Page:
Motown Museum's $50 million expansion plans include theater, studios, interactive exhibits


  • Rendering courtesy of the Motown Museum

The Motown Museum, already one of the country's premier music destinations, announced a $50 million expansion plan Monday that would add interactive exhibits, a performance theater, record studios, retail, and public spaces.

The project, which would increase the museum's footprint to 50,000 square feet, has a planned completion date of 2018. 

The goal is to "narrate and celebrate on a much larger scale what the Motown legacy is recognized for: unmatched creative genius that transcends every barrier imaginable by bringing people together from all walks of life to share in that unmistakable Motown Sound," Motown Museum CEO and Chairwoman Robin R. Terry says in a statement. 

The expansion will be funded through a forthcoming capital campaign, according to the museum. 

In addition to soundtracking the childhoods of metro Detroiters, Berry Gordy’s storied label helped establish the careers of Marvin Gaye, Stevie Wonder, Smokey Robinson & The Miracles, Diana Ross & The Supremes, Martha & The Vandellas, The Four Tops, The Temptations, and Michael Jackson, all of whom are members of Rolling Stone’s “100 Greatest Artists” list.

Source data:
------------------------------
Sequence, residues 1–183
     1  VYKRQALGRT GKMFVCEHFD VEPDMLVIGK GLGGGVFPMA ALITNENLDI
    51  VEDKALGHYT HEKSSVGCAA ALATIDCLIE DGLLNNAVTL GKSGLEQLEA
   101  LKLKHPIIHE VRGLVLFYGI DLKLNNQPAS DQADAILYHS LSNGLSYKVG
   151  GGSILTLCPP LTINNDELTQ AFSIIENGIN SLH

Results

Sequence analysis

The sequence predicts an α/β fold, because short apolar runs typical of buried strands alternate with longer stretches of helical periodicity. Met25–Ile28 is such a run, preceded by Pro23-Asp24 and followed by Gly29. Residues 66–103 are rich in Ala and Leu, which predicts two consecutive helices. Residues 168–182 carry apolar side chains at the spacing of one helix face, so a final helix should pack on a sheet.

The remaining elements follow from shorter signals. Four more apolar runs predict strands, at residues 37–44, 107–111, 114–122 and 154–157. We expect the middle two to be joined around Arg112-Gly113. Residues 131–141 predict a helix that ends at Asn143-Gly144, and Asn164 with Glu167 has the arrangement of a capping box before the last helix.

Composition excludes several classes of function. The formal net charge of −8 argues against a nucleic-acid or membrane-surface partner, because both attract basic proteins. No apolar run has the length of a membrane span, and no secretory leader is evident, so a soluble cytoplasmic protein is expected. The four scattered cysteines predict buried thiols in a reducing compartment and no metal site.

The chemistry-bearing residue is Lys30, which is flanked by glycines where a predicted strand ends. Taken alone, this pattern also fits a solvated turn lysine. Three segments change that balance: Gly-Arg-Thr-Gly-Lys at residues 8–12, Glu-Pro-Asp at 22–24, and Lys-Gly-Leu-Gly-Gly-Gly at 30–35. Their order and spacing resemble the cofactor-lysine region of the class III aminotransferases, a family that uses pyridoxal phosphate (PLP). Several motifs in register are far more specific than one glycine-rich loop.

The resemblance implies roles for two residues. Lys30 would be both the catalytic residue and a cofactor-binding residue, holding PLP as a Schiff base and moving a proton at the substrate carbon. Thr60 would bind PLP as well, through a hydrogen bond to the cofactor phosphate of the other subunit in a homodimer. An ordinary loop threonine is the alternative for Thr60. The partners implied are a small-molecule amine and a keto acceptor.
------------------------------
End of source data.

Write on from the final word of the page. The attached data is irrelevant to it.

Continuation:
• Rendering courtesy of the Motown Museum

The label moved to Los Angeles in 1972, and the Motown Museum opened in 1985 at the "Hitsville U.S.A." house on West Grand Boulevard. 

"It brings me real joy, and I am proud and humbled to know that the inclusive legacy of Motown, and the most talented people who are so near and dear to my heart, will have their stories told in this new museum," Gordy says in a statement. 

The lead designer for the initial museum expansion plans is Phil Freelon, who helmed the design of the Smithsonian National Museum of African American History and Culture. Detroit-based Hamilton Anderson Associates is the architect of record for the project.